March 11, 2015
A smooth project startup, despite a large ongoing investment, can require starting from scratch to realign the automation system closer to the original vision, according to a system integrator that worked on such a project.
Graphical software tools can augment automation system implementation, including:
Focusing on simple startup, screen navigation, and operations as a goal;
The ability to create libraries of reusable code;
The integration of programming and configuration for human-machine interfaces (HMIs) and programmable logic controllers (PLCs);
A full, onscreen view of plant operations emphasizing graphics, rather than text; and
Pulldown recipe menus that allow authorized operators to make changes more easily on the fly.
Drivex, Inc., based in Livermore, CA, specializes in web-tension control for the pharmaceutical, converting and vacuum-coating industries.
The company’s experience includes projects meshing SSD Drives (formerly Eurotherm Drives), Wonderware advanced SQL server data aquisition/distribution/report generation on the web, Ormec Servowire (FireWire) networked servo systems for the vacuum-coating industry and Rockwell Automation’s Allen-Bradley ControlLogix, SLC 500 and PLC 5 control platforms.
But the project that founder Leo Willis and his engineering associates will long remember is the development of a replacement automation and control system that far exceeded a leading superconductor maker’s expectations and opened the door to vast new business growth for Drivex.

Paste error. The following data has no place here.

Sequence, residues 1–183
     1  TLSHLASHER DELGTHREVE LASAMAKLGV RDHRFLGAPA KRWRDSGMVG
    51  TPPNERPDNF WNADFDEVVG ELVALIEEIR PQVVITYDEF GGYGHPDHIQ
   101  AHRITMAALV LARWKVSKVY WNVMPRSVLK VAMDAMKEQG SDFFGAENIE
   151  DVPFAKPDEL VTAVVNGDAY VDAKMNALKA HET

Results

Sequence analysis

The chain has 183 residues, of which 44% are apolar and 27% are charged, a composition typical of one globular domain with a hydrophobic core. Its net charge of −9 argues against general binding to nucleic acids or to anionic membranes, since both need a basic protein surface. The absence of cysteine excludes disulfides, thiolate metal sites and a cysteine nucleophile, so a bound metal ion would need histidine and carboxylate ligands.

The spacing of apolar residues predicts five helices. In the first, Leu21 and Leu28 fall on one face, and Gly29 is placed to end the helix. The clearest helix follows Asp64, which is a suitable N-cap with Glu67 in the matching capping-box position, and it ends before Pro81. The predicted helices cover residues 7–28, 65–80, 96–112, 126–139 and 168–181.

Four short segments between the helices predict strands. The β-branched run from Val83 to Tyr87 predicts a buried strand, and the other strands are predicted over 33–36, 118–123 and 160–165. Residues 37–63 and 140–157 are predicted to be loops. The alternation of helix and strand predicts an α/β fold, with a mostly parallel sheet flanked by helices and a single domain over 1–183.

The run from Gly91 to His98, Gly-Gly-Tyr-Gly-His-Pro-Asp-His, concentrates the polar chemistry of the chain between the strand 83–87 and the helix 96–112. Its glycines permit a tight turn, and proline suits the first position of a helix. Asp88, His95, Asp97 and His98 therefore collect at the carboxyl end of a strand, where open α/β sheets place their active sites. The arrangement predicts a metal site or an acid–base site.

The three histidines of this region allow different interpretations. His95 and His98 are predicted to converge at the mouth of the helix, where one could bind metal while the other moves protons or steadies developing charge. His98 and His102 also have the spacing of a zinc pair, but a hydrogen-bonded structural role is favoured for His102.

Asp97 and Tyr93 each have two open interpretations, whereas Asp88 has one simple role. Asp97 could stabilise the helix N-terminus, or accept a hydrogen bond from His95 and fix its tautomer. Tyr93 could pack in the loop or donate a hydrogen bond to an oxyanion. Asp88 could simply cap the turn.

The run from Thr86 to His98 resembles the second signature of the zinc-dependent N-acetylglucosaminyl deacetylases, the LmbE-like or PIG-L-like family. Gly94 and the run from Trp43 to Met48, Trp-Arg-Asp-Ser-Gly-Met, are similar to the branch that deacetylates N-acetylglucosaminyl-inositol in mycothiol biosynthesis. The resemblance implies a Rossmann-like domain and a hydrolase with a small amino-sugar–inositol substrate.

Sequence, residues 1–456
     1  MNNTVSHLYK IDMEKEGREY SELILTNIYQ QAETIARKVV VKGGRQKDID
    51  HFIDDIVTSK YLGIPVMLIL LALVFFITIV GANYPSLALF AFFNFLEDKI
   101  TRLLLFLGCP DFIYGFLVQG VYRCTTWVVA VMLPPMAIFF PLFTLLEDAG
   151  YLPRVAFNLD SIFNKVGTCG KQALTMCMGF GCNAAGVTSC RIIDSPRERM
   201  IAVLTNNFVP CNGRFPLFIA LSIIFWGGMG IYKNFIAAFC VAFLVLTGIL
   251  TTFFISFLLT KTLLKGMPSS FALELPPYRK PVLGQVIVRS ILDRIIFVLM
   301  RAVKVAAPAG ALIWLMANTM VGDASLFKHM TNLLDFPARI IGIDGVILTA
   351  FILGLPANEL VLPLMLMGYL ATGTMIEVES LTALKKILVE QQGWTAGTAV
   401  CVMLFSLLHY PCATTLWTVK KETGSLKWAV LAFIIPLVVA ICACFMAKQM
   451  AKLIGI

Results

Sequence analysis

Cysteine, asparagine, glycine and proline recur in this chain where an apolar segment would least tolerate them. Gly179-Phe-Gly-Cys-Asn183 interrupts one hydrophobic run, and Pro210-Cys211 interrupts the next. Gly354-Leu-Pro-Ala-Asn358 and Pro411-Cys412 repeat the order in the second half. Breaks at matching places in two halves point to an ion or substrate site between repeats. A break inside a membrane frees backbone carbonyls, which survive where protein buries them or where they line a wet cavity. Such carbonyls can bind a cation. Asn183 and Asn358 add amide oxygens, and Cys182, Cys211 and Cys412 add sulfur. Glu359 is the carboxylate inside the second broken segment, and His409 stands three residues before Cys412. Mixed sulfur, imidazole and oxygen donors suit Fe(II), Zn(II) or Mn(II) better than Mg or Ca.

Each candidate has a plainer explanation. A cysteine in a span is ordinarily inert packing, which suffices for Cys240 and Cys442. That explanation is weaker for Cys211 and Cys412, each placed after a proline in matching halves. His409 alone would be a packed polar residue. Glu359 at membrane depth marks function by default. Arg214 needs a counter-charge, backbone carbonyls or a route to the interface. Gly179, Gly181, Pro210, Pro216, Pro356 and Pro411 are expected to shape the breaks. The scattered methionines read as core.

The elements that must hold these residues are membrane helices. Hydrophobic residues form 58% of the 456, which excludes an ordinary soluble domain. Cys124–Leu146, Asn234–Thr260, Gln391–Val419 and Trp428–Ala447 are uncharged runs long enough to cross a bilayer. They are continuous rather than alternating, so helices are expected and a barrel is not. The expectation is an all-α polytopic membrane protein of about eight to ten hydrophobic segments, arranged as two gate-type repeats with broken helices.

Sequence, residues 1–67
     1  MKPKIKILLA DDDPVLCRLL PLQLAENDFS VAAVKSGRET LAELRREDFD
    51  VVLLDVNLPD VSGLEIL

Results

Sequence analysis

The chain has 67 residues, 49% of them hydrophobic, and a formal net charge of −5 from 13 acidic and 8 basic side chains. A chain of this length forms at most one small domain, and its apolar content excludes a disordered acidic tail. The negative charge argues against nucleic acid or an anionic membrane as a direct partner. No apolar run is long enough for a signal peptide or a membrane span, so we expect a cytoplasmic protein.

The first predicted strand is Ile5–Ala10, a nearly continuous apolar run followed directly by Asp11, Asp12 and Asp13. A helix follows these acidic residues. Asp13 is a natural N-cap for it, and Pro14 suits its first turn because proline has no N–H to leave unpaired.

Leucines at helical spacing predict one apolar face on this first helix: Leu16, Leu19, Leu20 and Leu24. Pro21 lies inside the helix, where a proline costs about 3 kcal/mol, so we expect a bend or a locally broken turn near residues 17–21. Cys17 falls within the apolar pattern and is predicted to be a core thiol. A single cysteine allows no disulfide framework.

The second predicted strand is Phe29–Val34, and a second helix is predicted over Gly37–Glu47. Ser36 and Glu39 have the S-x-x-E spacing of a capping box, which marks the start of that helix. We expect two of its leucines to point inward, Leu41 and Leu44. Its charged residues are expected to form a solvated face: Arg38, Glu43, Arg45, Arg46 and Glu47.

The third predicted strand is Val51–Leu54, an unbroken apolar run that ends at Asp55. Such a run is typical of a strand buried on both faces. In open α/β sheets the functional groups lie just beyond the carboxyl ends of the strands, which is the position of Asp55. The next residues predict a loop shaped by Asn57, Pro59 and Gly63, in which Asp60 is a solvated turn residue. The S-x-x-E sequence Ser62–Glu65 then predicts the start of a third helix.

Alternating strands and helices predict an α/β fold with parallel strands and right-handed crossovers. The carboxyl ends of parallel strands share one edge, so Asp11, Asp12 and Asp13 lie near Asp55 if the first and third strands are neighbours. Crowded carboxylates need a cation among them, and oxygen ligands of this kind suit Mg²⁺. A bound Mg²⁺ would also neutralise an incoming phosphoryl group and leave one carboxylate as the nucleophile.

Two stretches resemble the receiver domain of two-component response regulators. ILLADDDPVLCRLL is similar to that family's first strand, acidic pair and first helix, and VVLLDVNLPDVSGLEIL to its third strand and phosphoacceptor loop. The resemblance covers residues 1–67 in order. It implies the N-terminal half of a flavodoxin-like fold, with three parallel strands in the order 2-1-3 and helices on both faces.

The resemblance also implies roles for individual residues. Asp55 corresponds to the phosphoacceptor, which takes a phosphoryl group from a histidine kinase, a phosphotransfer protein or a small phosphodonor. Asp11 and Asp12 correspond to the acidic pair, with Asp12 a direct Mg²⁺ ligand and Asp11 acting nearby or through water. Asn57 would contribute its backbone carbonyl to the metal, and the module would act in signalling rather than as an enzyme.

“Operators at the superconductor plant found it virtually impossible to manage and monitor their extremely complex manufacturing processes using literally hundreds of interface screens that were tough to navigate and understand,” noted Eric Tischer, the Drivex engineer who took on what would quickly become the most challenging and rewarding assignment in the five years he’s been with the company.
“A full team of integrators from another company had originally programmed the three-year-old system, spending eighteen months writing code and generating more than a thousand screens,” Tischer says. “I had initially planned to develop the replacement system using the same software, but we realized it would take at least six months and decided the customer would be better off if we started from scratch.”
Tischer was initially concerned that he would have to learn a new program, but he received help from Siemens (www. usa.siemens.com) and its Simatic WinCC-HMI SCADA software, which helped him jumpstart learning at Drivex as well as simplify startup and operations for its customers. Siemens supplied a WinCC expert for a week to “bring Eric quickly up to speed and help him write much of the code that has enabled us to create a whole new level of operational simplicity and flexibility for our customers,” explains a smiling Willis, appreciating being able to “take on the increasingly complex and sophisticated customer applications we could never do before.”